I’ve discussed plentifully in the past the fact that creating content is usually not the web designer’s job — but working with the content creator is, and it’s a very important relationship. That’s because if you design a webpage with all of the principles laid out in the last four posts, and then your copywriter creates a giant splash of eyeball-straining sales copy without any consideration for what the page will look like, all of your efforts will be for naught.
To the point: web surfers don’t read promotional writing. They don’t read long paragraphs without any images. They don’t like excessive superlatives, bold or italics in the middle of paragraphs (especially without any apparent rhyme or reason, as in bolding SEO keywords.)
When a web surfer sees a website that is clearly ‘speaking business’ with it’s design, it had better keep speaking the same language with it’s copy. Don’t be cute or clever, don’t pay heed to the focus groups or the Marketing department, and for Zeus’ sake, no puns. Use the clearest possible language — for example, if you’re signing someone up for a service, “sign up” is the best language to use. It’s much better than “start here”, which is, in turn, much better than “explore our services.”
Content is King
Now, wait a minute. Didn’t I start this whole series by saying that ‘Usability is King’? Yes, yes I did — and to justify that, I pointed out that an unusable website is worthless, even if it’s filled with the best content in the world. What I kind of avoided saying is that the reverse is also true: without a message to deliver, the best designs in the universe are just art installations.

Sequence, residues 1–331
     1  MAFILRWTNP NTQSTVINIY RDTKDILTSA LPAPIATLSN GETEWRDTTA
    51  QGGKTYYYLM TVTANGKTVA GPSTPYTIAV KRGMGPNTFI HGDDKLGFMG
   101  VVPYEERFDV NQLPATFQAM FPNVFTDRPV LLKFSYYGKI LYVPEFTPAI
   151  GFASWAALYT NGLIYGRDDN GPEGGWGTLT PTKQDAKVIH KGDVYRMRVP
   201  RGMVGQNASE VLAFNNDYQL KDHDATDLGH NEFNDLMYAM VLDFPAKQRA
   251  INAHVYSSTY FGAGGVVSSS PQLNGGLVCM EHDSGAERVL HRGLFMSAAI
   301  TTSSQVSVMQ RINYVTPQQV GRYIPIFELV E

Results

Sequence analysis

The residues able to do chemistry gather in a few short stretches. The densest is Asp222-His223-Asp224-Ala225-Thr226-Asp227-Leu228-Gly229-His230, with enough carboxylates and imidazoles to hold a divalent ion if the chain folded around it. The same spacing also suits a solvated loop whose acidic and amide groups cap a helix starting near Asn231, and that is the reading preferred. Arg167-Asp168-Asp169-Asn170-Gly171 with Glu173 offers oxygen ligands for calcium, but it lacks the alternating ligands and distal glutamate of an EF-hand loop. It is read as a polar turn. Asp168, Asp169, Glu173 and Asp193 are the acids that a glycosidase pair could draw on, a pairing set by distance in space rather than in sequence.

The truth is that content and usability have to work together. There shouldn’t ever, for example, be a necessity to have X number of words on a particular site — the amount of content should be dictated by the purpose and usability of the page. White space shouldn’t scare anybody; it’s a good way to reduce cognitive load. In short, keep the content — and the space allotted for said content — dictated by the purpose of the page and the rules we’ve discussed over the past few weeks.
Then, make certain that your content will be:
- Organized, with a clear and consistent conceptual structure.
- Economized, with the smallest possible amount of visual elements.
- Presented properly, balancing legibility, readability, symbolism, typography, texture, and color.
That’s “contenting for your design”, and it should be a key skill in any content creator’s toolbox.
…and that’s the end of our short series on web design fundamentals. If you’ve enjoyed reading this just half as much as we’ve enjoyed writing it, we’ve enjoyed it twice as much as you. See you next time with something completely different!